BED love flat design and use it left, right and centre when we can!
The basic introduction to flat design is that it is a 2D style that removes any effects that create depth such as drop shadows, bevels, embossing and gradients. No feathered edges or shadows are used, just clear lines and simple shapes. It’s a recent trend that divides designers as to whether to love or hate! We love the simplicity, focussing websites on user experience with easy to navigate user interfaces.
We thought we’d break down the elements that make up great flat design with some of our favourite examples:
User interface needs to be simple and obvious. Stripping back effects can make it harder to highlight the important areas of a web page but flat design battles this with the use of icons and simple shapes. Icons are a great way to strip out bulky content by being a universal language to direct the user. Clickables can be highlighted with the bold icons or by using bold colours to direct attention.
If not an icon to click then a button, in flat design these need to be bold colours and simple shapes to allow them to stand alone from the rest of the content. Use colour, outlining, boxing, a different typeface or shape that is consistent throughout your site to improve user experience.
The font needs to keep in with the simple, clean design and continue the tone of the design scheme. Opt for a simple sans serif that comes with plenty of variations and weights. A font that is too busy or multiple fonts will clutter the page quickly so try to use just the simple sans serif (plus its variations) with one additional novelty font to direct the eye to the more creative areas. The simple background will allow the font to stand out and continue the atmosphere of the site.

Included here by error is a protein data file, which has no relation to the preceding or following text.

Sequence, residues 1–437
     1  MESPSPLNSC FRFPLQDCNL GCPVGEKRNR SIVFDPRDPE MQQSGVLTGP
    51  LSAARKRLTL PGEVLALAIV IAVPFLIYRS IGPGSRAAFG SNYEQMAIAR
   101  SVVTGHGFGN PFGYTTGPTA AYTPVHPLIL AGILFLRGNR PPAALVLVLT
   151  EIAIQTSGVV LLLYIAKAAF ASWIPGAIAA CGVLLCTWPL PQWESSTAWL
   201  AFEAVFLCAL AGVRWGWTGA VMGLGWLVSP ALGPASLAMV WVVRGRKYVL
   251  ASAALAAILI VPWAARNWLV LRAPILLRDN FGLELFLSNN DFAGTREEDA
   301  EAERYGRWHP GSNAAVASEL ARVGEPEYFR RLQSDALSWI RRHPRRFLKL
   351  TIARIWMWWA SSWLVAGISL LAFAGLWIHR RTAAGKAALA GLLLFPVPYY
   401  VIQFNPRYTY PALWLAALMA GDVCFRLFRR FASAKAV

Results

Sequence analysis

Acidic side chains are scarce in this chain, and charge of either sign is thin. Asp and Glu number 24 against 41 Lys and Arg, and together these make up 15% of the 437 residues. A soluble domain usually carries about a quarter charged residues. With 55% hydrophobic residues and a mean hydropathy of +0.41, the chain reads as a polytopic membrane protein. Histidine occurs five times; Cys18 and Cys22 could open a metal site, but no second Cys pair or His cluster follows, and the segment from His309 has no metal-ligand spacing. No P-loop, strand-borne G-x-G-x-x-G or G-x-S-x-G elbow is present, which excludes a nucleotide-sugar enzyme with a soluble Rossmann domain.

You guessed it… keep it simple and clean! Flat design uses a more colourful colour palette with more hues, removing any use of tints or tones. Colour blocking helps create direction on the page and direct the eye where you would like it to go most. Flat design works great with black and white but the bright colours really help make a site stand out. Use consistent colours for buttons or page groups as this will help the site flow more as the user learns how to move through it best. An overused colour can lost its meaning so be conscious to not over do it.
The content needs to match the design, the more concise the better! The word count should be minimised for a pure user experience basis so that the visitor doesn’t have to plough through content to find the information they want or where they need to go. The reduced blocks of text also fit in with the minimalistic style of flat design. Less copy allows the visitor to skim read and navigate the page quickly which fits in with the attention span of modern users.
In any design, the hierarchy of the page needs to be obvious but this can be more difficult with flat design. Use of colour and blocks will help the structure of the page. You could sway more towards ‘almost’ flat design (see below) and use bevel and shadow to lift the necessary areas of the page.
If you feel flat is too much and too simple, you can add a few little effects that can lift the page out of pure 2D styling. This has to be separated to satisfy the purists of flat design but the addition of slight gradients or drop shadows allows flexibility to the design. This can help reduce the harshness and ‘boxiness’ of pure flat and help guide the user through the pages by adding depth and texture.